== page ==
Orca: marine mammal

Orca: marine mammal

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Orca: mammalfascinating marine and alpha predator of all oceans and seas of the globe. Let's see what its characteristics are, where it lives, what it eats and where to see an orca.

L'killer whaleis a charmingmammalmarino, belongs to the same family of dolphins (Dolphins, Odontocetes Cetaceans) and it's not a fish! The orca is a cetacean.

Killer whales are cetaceans

THEcetaceansI am an infraorder ofmarine mammalswhich have a fusiform body similar to that offishes, the body ensures excellent hydrodynamics. However, cetaceans do not have gills but are equipped with lung respiration, which is why they often emerge from the water in order to take in oxygen. THEcetaceansthey are the dolphins, the whales, the killer whales and the beluga.

Orca: marine mammal

Like allmammals, even the orca gives birth. The orca's "pregnancy" lasts a long time! After about a year and a half of gestation, the female gives birth to only one young. Calving takes place in shallow waters. After giving birth, this incredible marine mammal immediately brings the baby born to his relatives. Already, killer whales live in groups, creating real communities.

L'orca is a mammal with undoubted intelligence, so much so as to implement real social behaviors. Each killer whale community develops detailsverses of communicationand parental care is also peculiar. Not always the "Pope"she can distinguish her young, so the males end up taking care of all the young in their group as if they were their own children.

Each female faces an interval between one birth and another, this pause varies from 3 to 8 years. The reason for this long interval? The orca needs time because parental care is prolonged.

The female reaches sexual maturity at 10 years, the male must wait 16 years to reproduce.

The offspring of the killer whales remain in their group until adulthood, at which point the mothers make sure they have an offspring by helping their children to find a partner for reproduction.

What do they eat?

TheorcasI'mmammalsstrongly social. Hunting takes place in groups and the prey depends on the habitat they colonize. Some communities feed mainly on fish, while other killer whales feed mainly on marine mammalssuch as seals, sea lions or even whales.

The most surprising prey is the shark. Killer whales feed on different species of shark, among them also the oneWhite shark. For a long time the white shark was believed to be thesuper predator of the oceanshowever, recent observations have highlighted the fragility of this predator.

Even though the white shark has an incredibly developed strength and senses, the killer whales, acting in packs, manage to gain the upper hand. For all the details on the predation of the white shark by the killer whale, the following information is available:white shark vs killer whale.

Where to see the orcas?

The whale can be observed in its natural habitat through the activity ofwhale watch. Captive killer whales are not uncommon, however we do not encourage such tourism.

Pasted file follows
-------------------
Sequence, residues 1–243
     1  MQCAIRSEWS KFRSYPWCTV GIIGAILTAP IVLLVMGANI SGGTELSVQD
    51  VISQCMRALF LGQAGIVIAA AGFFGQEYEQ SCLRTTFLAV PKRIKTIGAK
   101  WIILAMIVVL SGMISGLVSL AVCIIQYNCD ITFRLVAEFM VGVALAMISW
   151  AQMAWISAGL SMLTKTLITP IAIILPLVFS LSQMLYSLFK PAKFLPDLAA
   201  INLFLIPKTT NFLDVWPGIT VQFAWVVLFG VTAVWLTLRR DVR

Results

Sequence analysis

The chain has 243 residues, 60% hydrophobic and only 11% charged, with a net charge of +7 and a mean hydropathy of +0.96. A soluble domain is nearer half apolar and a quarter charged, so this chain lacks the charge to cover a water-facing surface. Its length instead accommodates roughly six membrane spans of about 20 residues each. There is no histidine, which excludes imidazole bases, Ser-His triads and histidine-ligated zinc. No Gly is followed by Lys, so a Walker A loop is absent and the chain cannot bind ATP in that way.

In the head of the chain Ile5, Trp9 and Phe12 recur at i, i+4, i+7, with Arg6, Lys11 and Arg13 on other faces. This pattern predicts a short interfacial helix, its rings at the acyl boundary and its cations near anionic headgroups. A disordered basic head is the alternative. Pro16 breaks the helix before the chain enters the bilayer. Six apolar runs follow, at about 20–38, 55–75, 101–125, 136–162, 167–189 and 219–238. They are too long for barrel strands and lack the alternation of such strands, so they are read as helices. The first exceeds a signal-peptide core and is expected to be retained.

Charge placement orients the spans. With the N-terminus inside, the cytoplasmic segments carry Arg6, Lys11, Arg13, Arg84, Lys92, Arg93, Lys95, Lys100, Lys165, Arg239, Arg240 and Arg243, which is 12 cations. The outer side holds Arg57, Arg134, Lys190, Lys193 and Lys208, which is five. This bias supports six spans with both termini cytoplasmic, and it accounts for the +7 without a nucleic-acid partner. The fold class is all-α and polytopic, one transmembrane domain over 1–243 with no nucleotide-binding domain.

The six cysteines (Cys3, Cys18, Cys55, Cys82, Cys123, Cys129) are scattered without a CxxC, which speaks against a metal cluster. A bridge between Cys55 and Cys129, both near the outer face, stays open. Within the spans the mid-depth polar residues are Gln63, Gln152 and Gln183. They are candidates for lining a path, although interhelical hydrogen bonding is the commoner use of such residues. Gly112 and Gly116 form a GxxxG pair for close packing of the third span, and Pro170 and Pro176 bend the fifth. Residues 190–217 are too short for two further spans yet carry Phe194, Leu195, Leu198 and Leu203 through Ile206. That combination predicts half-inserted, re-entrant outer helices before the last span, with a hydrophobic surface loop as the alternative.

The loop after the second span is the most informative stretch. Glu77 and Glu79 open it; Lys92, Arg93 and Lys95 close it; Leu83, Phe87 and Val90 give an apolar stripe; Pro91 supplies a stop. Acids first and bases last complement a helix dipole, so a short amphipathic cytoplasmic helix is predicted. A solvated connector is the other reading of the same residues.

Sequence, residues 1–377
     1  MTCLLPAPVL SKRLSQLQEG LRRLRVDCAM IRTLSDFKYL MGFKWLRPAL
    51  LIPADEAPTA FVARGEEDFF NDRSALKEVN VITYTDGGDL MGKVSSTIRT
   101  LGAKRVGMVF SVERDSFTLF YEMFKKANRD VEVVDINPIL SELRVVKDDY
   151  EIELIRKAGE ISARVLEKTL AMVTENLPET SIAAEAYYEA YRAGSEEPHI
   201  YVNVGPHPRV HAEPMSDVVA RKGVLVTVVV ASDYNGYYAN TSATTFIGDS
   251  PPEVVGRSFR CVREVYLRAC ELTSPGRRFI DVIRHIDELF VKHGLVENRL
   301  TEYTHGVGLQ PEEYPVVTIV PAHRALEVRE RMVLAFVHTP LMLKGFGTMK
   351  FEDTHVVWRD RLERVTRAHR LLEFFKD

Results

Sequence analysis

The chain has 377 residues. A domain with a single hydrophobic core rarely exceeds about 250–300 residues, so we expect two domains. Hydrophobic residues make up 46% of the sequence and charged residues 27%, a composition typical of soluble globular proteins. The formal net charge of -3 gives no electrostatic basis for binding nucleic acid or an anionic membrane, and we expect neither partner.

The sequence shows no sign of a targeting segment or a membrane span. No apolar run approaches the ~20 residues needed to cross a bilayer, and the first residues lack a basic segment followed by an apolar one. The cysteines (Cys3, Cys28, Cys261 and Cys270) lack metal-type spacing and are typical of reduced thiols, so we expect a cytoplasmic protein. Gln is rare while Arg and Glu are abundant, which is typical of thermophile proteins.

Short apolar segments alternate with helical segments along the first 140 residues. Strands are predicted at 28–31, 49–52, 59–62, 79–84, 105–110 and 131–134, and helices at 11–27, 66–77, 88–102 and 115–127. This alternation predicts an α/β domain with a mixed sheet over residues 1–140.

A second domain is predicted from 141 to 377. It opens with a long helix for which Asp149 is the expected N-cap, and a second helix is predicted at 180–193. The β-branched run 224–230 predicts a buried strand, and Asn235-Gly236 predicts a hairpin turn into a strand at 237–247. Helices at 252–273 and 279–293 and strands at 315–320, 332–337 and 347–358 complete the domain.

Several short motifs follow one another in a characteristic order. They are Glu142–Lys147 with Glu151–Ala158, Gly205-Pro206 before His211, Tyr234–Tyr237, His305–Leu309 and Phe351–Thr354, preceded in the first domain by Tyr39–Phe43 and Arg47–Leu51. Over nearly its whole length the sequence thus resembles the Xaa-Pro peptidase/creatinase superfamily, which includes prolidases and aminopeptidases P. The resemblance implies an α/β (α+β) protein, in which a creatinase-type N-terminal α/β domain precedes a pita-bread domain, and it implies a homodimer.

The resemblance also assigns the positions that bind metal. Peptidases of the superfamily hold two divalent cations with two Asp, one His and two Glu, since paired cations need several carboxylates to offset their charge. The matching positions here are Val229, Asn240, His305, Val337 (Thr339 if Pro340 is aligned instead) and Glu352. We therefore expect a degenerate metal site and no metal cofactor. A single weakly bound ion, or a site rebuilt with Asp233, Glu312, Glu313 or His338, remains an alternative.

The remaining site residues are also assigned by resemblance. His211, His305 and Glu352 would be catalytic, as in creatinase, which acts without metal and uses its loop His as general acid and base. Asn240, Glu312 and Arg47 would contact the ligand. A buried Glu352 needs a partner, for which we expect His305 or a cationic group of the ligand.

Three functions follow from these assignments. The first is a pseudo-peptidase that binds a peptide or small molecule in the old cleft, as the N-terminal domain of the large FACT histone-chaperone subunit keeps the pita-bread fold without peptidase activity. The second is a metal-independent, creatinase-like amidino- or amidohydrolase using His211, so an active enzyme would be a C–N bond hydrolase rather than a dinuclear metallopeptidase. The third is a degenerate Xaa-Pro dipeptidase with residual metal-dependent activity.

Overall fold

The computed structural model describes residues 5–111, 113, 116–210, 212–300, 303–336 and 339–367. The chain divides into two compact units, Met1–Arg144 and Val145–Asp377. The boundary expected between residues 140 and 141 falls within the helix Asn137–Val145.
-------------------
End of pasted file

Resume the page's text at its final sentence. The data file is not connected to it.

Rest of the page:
The orca, unlike the dolphin, is a very large animal, with enormous needs! a 2018 estimate reported the presence of 60 orcas in captivity. Here are some of the structures that keep the orca in captivity:

  • Sea World California
  • Orlando Sea World - Florida
  • Sea World Texas
  • Miami Seaquarium
  • Acuario Mundo Marino, Buenos Aires
  • Loro Parque, Tenerife

In the photo below an orca during one of the SeaWorld shows in Orlando. The orca in question was famous for being responsible for the deaths of three people, the orca's name was Tilikumand she died in 2017. Life in captivity is not suitable for the orca.

In captivity there is a significant atrophy of the dorsal fin (also visible in the photo below). in practice the dorsal fin loses its muscular rigidity due to the lack of exercise of the dorsal muscles that keep the fin erect. The reason? Captive killer whales live in very confined spaces where they can barely dive. The causal fin also undergoes notable changes, an experienced eye may notice a completely unnatural bending of the rear edge.

In nature there have never been any attacks by marine mammals on humans. In captivity, however, attacks of this type are quite frequent.

Killer Whale: Attacks targeting humans

In nature, attacks are rare and minor, the last one dates back to 2005, when, in Alaska, a young man was among a herd of sea lions, an orca emerged on the ice and struck the boy. The orca had probably confused the boy with a sea lion, however the boy was only injured, the orca continued its hunt by turning its attention to other sea lions.

Unlike killer whales in the wild, those in captivity are very aggressive, carry out self-injurious behaviors and are aggressive even with humans. Accidents are not uncommon and attacks on humans number more than a dozen, some with fatal outcome.

The orca Tilikum drowned one of its trainers and seriously injured another. The same animal had been responsible for the deaths of two other trainers in previous years. Those who want to learn more can watch the documentaryBlackfishby Gabriela Cowperthwaite (2013).

Do you like animals? Undoubtedly this reading will interest you: super predators

Video: Orcas: Ecotypes and Ecology (July 2022).


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